The seismic legacy of Nina Simone’s career and songs can’t be understated. Easily one of the greatest singers, musicians and personalities in pop music history, Nina Simone’s impact still reverberates to this day. That doesn’t automatically mean that she deserves a biopic, though. Especially one that primarily revolves around Nina Simone (Zoe Saldana) in her later years acting in her famously volatile manner while her inexperienced manager/nurse Clifton Henderson (David Oyelowo) tries to rebuild her career by putting on a free concert in New York. But that’s what Nina provides us with, and it’s just not enough to warrant a film. What makes Nina even worse is that it expects you to enter the cinema already invested in the character and her plight, and doesn’t try to earn it.
Nina Simone’s past, success, sorrow, illness, and even the exact year are all vaguely hinted at, and while there are eruptions of her famous anger and demands, it all feels like it’s been ripped straight from another biopic. Which is especially apparent to anyone who saw the recently released Oscar nominated documentary What Happened, Miss Simone?, which provides a vivid, touching, and captivating insight into the singer, and is everything that Nina is not.
In order to try and create a cinematic exuberance and actually shed some light onto Nina Simone’s past, Nina zig-zags away from the main narrative to sequences of her assisting a nervous Richard Pryor, playing Young, Gifted And Black for Lorraine Hansberry, being interviewed, and a montage of her drifting away from her daughter. But while Don Cheadle’s Miles Davis biopic Miles Ahead did the same with pizzazz, Nina just carelessly plods and shoe-horns its back-story in, and, in the process, fails to add any prestige to the character or her past.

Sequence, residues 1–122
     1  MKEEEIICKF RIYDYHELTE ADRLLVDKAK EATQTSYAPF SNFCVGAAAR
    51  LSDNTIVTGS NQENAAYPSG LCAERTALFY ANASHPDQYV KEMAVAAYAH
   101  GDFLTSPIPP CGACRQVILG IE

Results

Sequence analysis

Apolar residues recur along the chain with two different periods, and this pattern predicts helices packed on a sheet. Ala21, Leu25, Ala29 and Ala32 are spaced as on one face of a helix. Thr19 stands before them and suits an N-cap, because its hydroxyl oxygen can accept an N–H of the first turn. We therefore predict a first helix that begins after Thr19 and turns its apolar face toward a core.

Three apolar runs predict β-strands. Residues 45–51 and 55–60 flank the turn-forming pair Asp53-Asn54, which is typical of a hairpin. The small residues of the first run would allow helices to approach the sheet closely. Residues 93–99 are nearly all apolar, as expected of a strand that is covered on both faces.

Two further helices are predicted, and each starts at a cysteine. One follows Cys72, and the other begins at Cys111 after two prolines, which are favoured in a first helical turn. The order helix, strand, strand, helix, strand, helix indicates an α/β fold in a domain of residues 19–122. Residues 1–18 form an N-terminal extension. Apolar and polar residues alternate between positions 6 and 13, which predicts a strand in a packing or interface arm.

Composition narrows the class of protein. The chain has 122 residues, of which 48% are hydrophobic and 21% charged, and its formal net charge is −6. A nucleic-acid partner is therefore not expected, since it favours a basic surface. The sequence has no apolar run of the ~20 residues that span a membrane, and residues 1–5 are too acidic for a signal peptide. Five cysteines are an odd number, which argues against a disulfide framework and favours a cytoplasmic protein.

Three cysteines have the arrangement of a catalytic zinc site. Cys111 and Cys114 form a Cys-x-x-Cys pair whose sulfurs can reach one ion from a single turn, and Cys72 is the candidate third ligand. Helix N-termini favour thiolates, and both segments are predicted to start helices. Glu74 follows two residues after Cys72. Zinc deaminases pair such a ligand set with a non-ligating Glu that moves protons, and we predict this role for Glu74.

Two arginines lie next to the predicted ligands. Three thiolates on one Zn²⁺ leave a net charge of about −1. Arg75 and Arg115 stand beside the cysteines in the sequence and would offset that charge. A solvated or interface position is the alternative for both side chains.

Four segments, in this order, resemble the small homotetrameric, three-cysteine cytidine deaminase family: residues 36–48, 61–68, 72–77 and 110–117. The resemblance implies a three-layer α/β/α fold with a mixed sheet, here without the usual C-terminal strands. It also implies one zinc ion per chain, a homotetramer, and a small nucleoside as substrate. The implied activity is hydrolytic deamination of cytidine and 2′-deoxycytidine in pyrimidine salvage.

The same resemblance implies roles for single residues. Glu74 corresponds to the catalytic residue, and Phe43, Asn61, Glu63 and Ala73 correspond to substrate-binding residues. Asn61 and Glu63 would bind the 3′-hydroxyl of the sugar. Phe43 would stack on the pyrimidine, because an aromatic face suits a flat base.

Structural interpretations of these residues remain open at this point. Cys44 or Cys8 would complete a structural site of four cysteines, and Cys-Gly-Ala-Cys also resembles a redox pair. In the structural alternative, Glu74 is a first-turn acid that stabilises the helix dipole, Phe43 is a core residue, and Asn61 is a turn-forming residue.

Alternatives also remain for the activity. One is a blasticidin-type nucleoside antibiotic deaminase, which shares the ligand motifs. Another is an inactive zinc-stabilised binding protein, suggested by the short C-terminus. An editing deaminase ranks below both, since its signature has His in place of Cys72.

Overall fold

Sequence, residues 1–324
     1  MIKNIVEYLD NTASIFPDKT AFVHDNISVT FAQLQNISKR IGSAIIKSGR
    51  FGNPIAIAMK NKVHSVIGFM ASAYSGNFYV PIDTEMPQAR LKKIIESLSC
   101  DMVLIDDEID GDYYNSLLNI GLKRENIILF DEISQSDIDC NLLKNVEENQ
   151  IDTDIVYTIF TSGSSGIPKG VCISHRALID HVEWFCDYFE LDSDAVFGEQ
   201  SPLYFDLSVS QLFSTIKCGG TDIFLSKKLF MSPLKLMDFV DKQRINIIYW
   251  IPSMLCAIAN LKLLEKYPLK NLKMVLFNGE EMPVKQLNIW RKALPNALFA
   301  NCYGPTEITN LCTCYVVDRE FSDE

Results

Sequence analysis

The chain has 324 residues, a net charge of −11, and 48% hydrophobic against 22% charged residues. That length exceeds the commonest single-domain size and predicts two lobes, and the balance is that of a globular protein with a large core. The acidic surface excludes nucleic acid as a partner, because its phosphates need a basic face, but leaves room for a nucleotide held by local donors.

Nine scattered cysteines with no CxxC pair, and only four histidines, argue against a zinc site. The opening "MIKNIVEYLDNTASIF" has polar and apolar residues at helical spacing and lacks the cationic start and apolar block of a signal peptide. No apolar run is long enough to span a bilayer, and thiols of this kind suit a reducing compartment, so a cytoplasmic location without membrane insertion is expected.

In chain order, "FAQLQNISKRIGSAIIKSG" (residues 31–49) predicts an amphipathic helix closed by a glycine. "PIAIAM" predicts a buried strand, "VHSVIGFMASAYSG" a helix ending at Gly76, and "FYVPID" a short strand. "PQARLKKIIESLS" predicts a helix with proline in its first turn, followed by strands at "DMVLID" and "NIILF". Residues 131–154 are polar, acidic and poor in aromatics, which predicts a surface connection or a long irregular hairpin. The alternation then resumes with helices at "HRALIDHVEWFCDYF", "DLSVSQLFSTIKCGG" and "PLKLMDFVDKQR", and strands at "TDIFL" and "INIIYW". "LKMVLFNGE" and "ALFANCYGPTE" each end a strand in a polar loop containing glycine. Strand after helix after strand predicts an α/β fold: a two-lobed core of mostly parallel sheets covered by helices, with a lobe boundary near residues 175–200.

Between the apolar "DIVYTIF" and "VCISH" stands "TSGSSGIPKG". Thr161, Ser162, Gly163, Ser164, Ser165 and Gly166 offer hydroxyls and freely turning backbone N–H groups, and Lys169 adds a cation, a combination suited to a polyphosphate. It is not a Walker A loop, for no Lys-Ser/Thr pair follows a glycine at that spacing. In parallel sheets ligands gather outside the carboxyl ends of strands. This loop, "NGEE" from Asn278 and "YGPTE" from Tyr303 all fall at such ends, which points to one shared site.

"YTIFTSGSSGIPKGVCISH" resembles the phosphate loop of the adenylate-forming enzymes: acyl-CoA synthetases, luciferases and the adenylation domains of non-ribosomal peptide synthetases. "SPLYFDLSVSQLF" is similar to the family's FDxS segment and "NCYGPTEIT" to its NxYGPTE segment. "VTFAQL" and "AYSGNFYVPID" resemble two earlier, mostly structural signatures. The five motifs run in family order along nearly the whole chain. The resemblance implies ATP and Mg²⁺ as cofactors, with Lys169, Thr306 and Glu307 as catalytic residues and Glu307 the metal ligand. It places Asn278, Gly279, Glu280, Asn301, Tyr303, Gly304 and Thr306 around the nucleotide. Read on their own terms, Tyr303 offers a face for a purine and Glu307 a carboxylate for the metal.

Nina also fails because of just how dull the relationship and interactions between Nina Simone and Clifton Henderson are, as she just repeatedly abuses him and he has to stand there and take it. It seems like the end to another movie, as we’re not given enough insight into their relationship to relate or understand, while there’s also a meagre spark between Zoe Saldana and David Oyelowo to keep you entranced.
But the glaring reason why Nina doesn’t work is Zoe Saldana’s casting. Upon her very first scene as Nina Simone I genuinely winced and felt uncomfortable at how mark darker she’d been made for her role, a feeling that’s exacerbated because she is preceded by a young African-American girl playing a 13-year-old Nina Simone, while it also doesn't help that Zoe Saldana has become so recognizable thanks to her roles in Star Trek, Avatar, and Guardians Of The Galaxy.
It’s an issue that is impossible to get beyond. Especially since Nina tackles themes of race and inequality due to Nina Simone’s prominent role during the Civil Rights movement. Zoe Saldana’s performance lacks any genuine soul and never feels anything more than a hollow caricature, while there are seldom human touches and details to her characterization to forge a bond between the film and the audience.
There are some brief moments of honest, sincerity, and talent in Zoe Saldana’s musical performances. But these are the only positives of a film that’s somehow so bad its blatant blacking up of its lead actor is actually the least of its problems.